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It may not be enough to stop harassing phone calls from creditors

| Jan 19, 2015 | Personal Bankruptcy |

Debt collectors will do just about anything to convince consumers to pay a debt — even if it does not belong to them, but, instead, to a deceased relative. Many New Jersey residents do well just to stop harassing phone calls from creditors, but, now that one company has gone digital with its collection efforts, it may become more difficult to escape the harassment. A consumer alert in another state brings attention to a fraudulent email being sent to its residents that makes threats that may be in violation of the law.

The email threatens legal action if the recipient fails to pay an old debt. The company, ACS Incorporation Collection, does not have a good reputation. In fact, the Better Business Bureau gives the company an “F” rating and an alert to stay away from it due to hundreds of consumer complaints.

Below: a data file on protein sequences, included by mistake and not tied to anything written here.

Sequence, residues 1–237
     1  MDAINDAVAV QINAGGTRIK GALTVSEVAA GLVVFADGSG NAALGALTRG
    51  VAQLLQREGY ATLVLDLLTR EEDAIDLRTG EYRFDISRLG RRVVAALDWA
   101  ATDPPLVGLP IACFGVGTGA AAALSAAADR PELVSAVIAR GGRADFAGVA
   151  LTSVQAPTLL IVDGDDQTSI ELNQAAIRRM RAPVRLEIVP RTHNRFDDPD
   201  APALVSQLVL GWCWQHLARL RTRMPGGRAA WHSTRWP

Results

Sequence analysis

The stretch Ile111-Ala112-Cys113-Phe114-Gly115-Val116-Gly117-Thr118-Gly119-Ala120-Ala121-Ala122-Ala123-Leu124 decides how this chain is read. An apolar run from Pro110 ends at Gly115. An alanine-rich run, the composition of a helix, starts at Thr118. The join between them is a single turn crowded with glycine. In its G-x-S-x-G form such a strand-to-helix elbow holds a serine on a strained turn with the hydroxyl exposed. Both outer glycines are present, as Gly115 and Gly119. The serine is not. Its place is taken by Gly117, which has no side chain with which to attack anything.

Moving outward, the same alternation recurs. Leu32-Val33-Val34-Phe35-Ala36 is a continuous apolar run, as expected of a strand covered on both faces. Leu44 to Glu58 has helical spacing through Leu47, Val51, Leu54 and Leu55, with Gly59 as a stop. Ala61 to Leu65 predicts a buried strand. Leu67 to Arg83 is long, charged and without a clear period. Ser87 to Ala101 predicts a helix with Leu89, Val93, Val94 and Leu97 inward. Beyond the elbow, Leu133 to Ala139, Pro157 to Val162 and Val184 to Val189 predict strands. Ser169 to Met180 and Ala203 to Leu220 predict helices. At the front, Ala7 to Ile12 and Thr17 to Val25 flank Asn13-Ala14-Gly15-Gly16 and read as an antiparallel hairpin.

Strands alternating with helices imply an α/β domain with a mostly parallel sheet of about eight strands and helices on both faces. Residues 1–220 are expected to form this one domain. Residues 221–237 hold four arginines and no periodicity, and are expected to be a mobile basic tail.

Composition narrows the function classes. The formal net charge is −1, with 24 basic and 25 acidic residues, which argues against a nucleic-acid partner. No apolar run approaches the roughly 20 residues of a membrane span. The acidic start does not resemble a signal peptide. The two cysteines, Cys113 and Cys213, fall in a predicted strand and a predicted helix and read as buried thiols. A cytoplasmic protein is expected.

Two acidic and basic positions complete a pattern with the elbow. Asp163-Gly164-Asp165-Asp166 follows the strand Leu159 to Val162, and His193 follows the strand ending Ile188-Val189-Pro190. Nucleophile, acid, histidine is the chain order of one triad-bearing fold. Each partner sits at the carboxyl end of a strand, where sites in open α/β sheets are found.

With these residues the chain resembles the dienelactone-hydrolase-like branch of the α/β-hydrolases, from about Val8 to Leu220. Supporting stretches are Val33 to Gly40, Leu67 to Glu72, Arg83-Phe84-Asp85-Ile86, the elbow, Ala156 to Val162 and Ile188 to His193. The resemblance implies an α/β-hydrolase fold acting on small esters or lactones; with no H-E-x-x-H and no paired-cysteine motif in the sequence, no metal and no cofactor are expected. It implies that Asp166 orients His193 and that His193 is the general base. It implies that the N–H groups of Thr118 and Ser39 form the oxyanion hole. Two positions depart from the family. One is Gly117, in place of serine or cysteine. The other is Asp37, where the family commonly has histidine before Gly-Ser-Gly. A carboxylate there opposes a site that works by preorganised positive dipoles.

People who seem to be regularly targeted by debt collectors are those with relatives who have recently passed away. Before a New Jersey resident does anything with regard to a demand concerning a relative’s debt, he or she may benefit from consulting with someone who can outline the rights and responsibilities of a survivor regarding the debts of a loved one. In many cases, a relative cannot be held not responsible for a debt, but that does not stop debt collectors from trying to convince a relative to pay a loved one’s debts. Some people who are struggling with debt may receive a combination of legitimate and fraudulent contacts from debt collectors, and it can be challenging to differentiate.

For an individual who is overwhelmed by debt and considering bankruptcy, the primary goal may be to stop harassing phone calls from creditors. Doing so can be challenging, and, when debt collectors start sending emails as well, it can seem like an insurmountable task to be free from harassment — even when the debt collectors are legitimate. Filing for bankruptcy allows a consumer to have some much-needed silence from creditors while working to rebuild his or her financial life.

Source: 19actionnews.com, “Consumer alert: experts issue warning about bogus debt collector“, Jan. 15, 2015

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